A primary benefit to businesses that use embedded financial services is the ability to expand on customer relationships they’ve already built — leading to cross-sell opportunities in addition to revenue from finance charges. 

In turn, these sales opportunities can be honed by data-rich inputs, which the embedded tech’s machine learning and artificial intelligence can turn into “smarter” cross-sell prompts supported by dynamic pre-qualifications. The result, according to Harris, is “massive risk reduction” for companies.

Among early examples of embedded credit providers are payroll-advance lenders. Absolute pioneers in this segment, like Dave, originally drummed up customers through marketing channels — the hard way, in other words. Second-wave players like Gusto, a payroll-services outsourcer, attract “payday” borrowers who, as employees of companies it works for, are already customers. 

In this context, having embedded lending capabilities means the Gustos of the world — that is, any company that already interacts with customers in a setting where finance is in play — can provide a lucrative new services at a customer acquisition cost of zero.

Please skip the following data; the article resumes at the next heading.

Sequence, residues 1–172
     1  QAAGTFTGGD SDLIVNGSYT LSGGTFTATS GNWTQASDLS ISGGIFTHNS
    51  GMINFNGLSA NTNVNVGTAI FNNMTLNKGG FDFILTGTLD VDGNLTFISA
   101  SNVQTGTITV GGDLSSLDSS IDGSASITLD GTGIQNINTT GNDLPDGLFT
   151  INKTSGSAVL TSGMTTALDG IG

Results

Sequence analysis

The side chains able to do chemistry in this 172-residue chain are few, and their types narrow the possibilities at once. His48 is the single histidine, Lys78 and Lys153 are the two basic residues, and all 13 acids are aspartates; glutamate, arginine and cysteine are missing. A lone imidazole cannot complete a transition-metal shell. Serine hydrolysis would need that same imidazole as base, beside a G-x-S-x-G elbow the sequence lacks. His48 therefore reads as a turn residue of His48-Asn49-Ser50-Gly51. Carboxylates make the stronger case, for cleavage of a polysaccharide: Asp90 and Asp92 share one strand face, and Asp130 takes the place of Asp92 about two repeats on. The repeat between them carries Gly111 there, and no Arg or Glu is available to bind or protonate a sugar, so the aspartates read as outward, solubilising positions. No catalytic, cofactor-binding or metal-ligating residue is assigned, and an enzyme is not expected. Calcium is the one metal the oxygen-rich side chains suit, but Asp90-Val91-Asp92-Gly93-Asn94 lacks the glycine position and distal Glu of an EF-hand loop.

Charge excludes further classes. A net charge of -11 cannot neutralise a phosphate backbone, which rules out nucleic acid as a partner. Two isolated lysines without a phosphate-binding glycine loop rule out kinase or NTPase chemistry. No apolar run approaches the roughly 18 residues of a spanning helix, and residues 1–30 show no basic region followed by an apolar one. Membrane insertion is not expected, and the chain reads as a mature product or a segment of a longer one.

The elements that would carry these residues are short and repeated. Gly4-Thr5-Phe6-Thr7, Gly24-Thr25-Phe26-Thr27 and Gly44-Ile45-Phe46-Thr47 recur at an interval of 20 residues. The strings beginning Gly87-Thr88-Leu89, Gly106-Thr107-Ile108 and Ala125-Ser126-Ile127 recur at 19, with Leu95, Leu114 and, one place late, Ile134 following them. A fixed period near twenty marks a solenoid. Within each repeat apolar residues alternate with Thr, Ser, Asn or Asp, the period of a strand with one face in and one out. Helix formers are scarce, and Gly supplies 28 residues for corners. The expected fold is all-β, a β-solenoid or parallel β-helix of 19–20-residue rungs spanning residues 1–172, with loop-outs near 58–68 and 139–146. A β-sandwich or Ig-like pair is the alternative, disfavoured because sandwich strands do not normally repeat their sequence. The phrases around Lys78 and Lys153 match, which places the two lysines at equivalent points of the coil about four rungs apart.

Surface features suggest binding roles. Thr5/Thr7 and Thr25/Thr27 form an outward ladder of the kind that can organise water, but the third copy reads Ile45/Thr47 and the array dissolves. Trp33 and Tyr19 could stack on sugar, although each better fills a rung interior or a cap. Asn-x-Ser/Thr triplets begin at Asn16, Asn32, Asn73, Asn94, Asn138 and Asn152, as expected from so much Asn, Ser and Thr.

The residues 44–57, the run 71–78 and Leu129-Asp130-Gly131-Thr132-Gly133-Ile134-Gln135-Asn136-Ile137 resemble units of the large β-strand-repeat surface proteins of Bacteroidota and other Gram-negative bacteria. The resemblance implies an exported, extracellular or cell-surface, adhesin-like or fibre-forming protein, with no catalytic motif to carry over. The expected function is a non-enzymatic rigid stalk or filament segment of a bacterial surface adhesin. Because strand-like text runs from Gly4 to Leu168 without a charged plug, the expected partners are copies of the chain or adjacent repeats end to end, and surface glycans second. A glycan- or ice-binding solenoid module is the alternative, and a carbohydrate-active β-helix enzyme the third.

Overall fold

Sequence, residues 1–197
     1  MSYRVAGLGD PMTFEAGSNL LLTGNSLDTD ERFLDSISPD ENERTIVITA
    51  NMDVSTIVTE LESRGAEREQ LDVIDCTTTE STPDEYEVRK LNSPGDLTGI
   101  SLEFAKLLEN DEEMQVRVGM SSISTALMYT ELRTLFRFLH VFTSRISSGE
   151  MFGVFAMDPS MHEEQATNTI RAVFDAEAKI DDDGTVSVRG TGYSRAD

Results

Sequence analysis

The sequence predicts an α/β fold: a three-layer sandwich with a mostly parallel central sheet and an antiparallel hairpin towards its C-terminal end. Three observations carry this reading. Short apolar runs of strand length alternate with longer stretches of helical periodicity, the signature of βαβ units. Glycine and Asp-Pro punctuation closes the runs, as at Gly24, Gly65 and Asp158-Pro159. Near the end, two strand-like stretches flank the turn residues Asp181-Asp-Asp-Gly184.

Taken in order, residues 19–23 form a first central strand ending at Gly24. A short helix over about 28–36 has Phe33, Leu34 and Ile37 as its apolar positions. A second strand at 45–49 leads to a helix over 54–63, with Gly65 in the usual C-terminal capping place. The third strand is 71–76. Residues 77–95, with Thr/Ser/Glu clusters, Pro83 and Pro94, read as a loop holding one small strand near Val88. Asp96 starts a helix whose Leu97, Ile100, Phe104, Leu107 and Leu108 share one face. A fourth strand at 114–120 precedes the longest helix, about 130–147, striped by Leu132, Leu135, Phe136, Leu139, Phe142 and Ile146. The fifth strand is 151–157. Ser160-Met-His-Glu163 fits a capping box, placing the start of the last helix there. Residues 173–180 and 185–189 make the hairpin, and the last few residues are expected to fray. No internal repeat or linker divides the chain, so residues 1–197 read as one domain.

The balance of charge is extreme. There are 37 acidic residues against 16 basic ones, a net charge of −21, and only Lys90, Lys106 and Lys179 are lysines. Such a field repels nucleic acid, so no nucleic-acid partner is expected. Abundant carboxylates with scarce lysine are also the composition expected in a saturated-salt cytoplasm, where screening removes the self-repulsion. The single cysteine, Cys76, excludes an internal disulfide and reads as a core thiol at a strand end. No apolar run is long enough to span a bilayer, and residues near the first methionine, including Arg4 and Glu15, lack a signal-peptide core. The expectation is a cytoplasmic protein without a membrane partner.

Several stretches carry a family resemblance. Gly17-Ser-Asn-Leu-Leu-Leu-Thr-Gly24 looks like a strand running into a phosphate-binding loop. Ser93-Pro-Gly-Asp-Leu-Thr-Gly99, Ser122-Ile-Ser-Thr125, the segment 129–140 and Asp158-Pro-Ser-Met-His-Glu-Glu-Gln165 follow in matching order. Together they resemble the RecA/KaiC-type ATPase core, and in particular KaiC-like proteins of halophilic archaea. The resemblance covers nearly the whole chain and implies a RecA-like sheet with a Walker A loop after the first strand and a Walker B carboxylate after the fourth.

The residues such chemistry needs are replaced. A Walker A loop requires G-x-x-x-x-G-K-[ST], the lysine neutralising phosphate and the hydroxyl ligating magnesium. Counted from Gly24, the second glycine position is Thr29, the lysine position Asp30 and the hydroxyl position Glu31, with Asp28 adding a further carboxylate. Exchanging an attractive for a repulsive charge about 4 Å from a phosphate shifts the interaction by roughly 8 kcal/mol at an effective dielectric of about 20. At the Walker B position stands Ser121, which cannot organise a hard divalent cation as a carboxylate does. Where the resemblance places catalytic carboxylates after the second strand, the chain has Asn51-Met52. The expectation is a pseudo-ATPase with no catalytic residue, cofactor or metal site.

Embedded Lending: a Keurig Machine for In-House Financing

In this light, it’s easy to see a world where in-store and e-commerce sales are enabled by lending software integrated with each company’s system software. This applies equally to realms where financing is a common feature today, like the car business, and to areas on-the-spot financing is rarer, such as middle-market retail and healthcare.

TurnKey Lender’s Voronenko provides a striking analogy. He says a company that partners with a third-party lender to provide credit to its customers is like the guy who always buys his coffee.

“You go to the cafe everyday and you ask the barista for a coffee, and you’re very happy to pay five bucks for it,” says Voronenko. “And then one day you realize the only thing your barista does is press a button — one button — out of the machine comes the coffee, perfect every time. And then you notice he uses coffee beans from the nearest supermarket.”

Working with TurnKey Lender means you stop going to the cafe and “you buy the same coffee machine, and you can have your coffee whenever you want for 50 cents a cup,” according to Voronenko. “Companies that view lending as such a tough undertaking that it’s necessary to partner with a bank are missing out on the power and savings inherent in embedded fintech.”

Harris echoes this view from a “smart money” perspective. He says he and other venture backers are turning their “attention to investing in companies that use financial technology as an ingredient versus a primary business model.”

Adds Voronenko: “Embedded lending means any company that can connect to the cloud can get access to a vast and secure infrastructure for lending, and immediately start financing its customers. It’s literally a matter of turning a key, and you’re a lender.”

To learn more about TurnKey Lender and how to get started with embedded lending, reach out here.